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Teaching Health Centers: An Attainable, Near-Term Pathway To Expand Graduate Medical Education


October 17th, 2014

Stakeholders in Graduate Medical Education (GME) and members of Congress eagerly anticipated the long delayed but recently released Institute of Medicine (IOM) GME report. While perceptively characterizing the defects in our GME system, recommendations of the report generated substantial controversy among participants at a recent GME forum hosted by Health Affairs. The IOM proposed limited and gradual changes in Medicare GME financing, but the lack of support for GME expansion was not well received by some.

At present there are multiple legislative GME proposals, but none has gained broad support among the various stakeholders. Congressional committees responsible for GME funding view this lack of consensus among GME stakeholders as a major obstacle.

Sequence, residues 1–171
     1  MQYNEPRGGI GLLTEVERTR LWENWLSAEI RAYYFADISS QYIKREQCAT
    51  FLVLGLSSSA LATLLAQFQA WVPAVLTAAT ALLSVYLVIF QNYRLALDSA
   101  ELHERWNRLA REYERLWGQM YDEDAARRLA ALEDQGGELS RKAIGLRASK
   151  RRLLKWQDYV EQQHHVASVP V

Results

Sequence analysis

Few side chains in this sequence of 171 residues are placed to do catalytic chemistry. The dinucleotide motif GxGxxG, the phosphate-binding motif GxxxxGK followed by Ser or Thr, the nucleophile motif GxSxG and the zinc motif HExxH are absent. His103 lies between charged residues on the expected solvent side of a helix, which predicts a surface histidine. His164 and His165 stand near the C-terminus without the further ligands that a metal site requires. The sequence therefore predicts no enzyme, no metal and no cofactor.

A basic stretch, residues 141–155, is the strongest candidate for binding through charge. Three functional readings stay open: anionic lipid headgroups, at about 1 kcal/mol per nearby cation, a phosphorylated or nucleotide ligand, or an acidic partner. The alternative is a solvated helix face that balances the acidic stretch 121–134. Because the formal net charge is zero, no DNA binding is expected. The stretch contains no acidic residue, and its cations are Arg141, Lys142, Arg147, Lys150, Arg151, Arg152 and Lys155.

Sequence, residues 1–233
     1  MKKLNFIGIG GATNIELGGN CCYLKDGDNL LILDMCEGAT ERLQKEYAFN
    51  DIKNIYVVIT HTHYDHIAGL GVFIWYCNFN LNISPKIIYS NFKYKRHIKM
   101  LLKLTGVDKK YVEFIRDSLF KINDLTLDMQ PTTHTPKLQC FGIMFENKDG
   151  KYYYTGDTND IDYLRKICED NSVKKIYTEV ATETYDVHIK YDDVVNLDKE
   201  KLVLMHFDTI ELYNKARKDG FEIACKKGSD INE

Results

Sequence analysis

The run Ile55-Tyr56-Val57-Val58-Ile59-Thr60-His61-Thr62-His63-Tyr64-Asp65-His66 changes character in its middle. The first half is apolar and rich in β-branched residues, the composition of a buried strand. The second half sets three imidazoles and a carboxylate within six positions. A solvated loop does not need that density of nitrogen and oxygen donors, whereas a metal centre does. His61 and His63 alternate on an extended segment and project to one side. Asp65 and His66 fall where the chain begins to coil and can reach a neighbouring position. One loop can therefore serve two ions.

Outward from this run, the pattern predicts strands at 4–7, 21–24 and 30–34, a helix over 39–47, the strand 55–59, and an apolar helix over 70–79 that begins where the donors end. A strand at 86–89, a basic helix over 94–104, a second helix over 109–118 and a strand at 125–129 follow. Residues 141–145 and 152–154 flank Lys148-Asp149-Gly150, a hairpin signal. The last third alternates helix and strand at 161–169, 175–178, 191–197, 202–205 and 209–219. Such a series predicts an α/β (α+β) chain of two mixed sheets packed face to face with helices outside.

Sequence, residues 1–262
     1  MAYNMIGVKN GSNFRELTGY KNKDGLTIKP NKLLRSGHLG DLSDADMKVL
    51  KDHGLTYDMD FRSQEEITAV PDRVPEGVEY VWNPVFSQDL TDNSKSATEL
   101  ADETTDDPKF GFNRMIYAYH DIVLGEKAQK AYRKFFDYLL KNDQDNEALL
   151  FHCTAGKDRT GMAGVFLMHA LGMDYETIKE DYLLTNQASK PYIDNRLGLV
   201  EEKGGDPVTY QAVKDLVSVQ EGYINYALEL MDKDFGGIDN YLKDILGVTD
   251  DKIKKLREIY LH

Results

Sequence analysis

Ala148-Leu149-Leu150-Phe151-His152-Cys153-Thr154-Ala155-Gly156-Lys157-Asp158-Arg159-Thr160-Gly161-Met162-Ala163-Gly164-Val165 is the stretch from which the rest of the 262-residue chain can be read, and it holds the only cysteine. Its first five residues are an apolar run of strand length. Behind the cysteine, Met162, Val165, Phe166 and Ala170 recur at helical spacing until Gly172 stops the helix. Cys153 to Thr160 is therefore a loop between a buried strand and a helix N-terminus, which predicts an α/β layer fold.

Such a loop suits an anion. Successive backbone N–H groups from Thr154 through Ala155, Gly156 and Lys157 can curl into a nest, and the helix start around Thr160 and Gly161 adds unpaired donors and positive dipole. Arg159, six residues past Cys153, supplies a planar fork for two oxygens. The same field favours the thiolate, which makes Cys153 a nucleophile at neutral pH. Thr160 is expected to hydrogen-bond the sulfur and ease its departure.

We describe a near-term and attainable pathway to expand GME that could gain consensus among these stakeholders. This approach would sustain and expand Teaching Health Centers (THCs), a recent initiative that directly funds community-based GME sponsoring institutions to train residents in primary care specialties, dentistry and psychiatry. We further propose selectively expanding GME to meet primary care and other demonstrable specialty needs within communities, and building in evaluations to measure effectiveness of innovative training models.

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Engaging Patients: Interviews With Patients, Providers, And Communities Across The Country


September 25th, 2014